The tension in the play could be built up by the way the characters interact with one another. The further through the scene the 2 sisters get; the angrier they become and you could show this by the volume of their voice and the speed of both their movements and the speeches. At the start, both sisters are worried about being caught and the death penalty punishment that will be issued to anyone who disobeys creons decree. As the scene progress, both sisters get irritated by each others failure to understand their point, and so their voices would get louder and their movements more exaggerated. The main change is during Antigone’s speech that starts with “Well, What do you think, Ismene?” and finishes “Of the honor of being Oedipus’s daughter”. During this speech, which is over 30 lines long, Ismene would suddenly start to rely what it is that her sister has planned and relies how much danger they are in. Ismene’s next line “Wait a minute Antigone, don’t be so headstrong” would be quite but fastley spoken. The ensuing argument would get louder and louder until Ismene shouts “You must be mad!” This section is called the Stichomythic Exchange.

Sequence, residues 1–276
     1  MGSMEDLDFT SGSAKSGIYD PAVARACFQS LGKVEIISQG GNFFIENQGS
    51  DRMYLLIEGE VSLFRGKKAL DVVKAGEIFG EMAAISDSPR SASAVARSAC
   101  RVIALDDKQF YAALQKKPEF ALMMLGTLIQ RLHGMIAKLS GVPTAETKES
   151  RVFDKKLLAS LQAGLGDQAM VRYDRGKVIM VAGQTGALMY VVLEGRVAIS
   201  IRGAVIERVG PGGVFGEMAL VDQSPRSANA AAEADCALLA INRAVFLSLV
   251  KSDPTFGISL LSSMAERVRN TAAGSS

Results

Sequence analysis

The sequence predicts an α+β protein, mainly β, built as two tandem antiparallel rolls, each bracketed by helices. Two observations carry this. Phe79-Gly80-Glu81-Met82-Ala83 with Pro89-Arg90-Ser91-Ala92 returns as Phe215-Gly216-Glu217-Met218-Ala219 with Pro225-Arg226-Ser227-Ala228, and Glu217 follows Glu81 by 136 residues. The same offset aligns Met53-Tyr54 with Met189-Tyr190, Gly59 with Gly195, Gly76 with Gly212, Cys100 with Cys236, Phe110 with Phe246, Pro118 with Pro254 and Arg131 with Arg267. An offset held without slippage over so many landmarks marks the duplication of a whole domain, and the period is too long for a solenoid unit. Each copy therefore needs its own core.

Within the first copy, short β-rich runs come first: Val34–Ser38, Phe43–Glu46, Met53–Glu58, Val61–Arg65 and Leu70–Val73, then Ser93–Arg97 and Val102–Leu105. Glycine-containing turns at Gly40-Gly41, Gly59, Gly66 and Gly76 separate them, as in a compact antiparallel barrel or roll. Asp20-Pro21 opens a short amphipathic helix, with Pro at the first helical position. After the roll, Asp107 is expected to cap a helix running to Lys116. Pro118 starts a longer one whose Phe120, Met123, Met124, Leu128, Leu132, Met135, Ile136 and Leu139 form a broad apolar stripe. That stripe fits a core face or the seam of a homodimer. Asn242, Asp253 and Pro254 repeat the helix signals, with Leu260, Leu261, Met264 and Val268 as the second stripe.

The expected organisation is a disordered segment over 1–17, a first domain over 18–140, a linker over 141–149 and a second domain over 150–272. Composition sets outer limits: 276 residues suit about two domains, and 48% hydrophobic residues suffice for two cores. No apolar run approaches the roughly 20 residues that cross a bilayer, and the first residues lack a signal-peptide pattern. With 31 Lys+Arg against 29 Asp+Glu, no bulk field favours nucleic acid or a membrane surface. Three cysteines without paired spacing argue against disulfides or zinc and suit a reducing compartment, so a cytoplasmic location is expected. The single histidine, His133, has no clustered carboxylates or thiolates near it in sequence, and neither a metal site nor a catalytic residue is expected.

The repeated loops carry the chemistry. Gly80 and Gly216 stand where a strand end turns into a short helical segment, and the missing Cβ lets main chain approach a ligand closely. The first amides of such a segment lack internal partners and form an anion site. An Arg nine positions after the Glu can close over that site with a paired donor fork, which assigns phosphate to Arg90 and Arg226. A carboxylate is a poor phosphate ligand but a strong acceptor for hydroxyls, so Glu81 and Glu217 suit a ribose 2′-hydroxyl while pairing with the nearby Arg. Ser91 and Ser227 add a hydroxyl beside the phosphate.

Ismene’s next speech; about the punishment her father received would be shouted too show her anger towards her sister and her total despair. She goes on to state that women cannot fight against the “institutionalized strength of the male sex” and that she has “no choice!” She finishes her rant telling Antigone “Heroic refusals are reserved for madmen!” After this Ismene calms herself down and stops shouting, with this being the loudest her character gets. However Antigone continues to shout infuriated that her sister will not help. After Ismene says she will “keep our meeting safe”, Antigone goes mad and shouts “Don’t you dare! You must tell everybody, shout it in the streets. If you keep it secret, I shall begin to hate you.” I think that this would be a good time to use levels in the play, because I would stage it with Antigone high up on staging, shouting down to Ismene as if she was shouting down the news of her brother’s burial despite the decree. I also think that Antigone could wave her arms around, even to the point of being over the top; to maybe suggest to the audience that she’s going mad.